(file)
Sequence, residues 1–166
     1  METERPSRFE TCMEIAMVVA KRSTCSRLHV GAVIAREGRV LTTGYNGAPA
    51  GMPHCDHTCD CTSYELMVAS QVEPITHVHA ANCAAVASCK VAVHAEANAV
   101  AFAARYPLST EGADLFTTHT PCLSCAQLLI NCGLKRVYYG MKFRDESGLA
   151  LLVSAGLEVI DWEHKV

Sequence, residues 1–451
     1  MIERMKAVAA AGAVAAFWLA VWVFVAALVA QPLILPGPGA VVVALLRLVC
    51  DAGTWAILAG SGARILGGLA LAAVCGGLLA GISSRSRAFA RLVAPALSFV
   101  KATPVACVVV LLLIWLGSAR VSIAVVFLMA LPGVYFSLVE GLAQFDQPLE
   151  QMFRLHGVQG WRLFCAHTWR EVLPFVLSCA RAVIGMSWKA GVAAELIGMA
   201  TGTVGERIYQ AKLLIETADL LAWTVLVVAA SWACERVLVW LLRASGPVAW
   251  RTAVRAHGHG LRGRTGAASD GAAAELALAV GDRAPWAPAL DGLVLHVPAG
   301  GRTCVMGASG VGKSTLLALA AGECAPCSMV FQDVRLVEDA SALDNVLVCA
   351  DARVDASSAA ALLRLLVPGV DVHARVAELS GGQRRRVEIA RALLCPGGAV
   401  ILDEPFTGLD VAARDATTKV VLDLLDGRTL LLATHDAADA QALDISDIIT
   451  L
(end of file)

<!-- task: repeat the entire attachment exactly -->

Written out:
Sequence, residues 1–166
     1  METERPSRFE TCMEIAMVVA KRSTCSRLHV GAVIAREGRV LTTGYNGAPA
    51  GMPHCDHTCD CTSYELMVAS QVEPITHVHA ANCAAVASCK VAVHAEANAV
   101  AFAARYPLST EGADLFTTHT PCLSCAQLLI NCGLKRVYYG MKFRDESGLA
   151  LLVSAGLEVI DWEHKV

Sequence, residues 1–451
     1  MIERMKAVAA AGAVAAFWLA VWVFVAALVA QPLILPGPGA VVVALLRLVC
    51  DAGTWAILAG SGARILGGLA LAAVCGGLLA GISSRSRAFA RLVAPALSFV
   101  KATPVACVVV LLLIWLGSAR VSIAVVFLMA LPGVYFSLVE GLAQFDQPLE
   151  QMFRLHGVQG WRLFCAHTWR EVLPFVLSCA RAVIGMSWKA GVAAELIGMA
   201  TGTVGERIYQ AKLLIETADL LAWTVLVVAA SWACERVLVW LLRASGPVAW
   251  RTAVRAHGHG LRGRTGAASD GAAAELALAV GDRAPWAPAL DGLVLHVPAG
   301  GRTCVMGASG VGKSTLLALA AGECAPCSMV FQDVRLVEDA SALDNVLVCA
   351  DARVDASSAA ALLRLLVPGV DVHARVAELS GGQRRRVEIA RALLCPGGAV
   401  ILDEPFTGLD VAARDATTKV VLDLLDGRTL LLATHDAADA QALDISDIIT
   451  L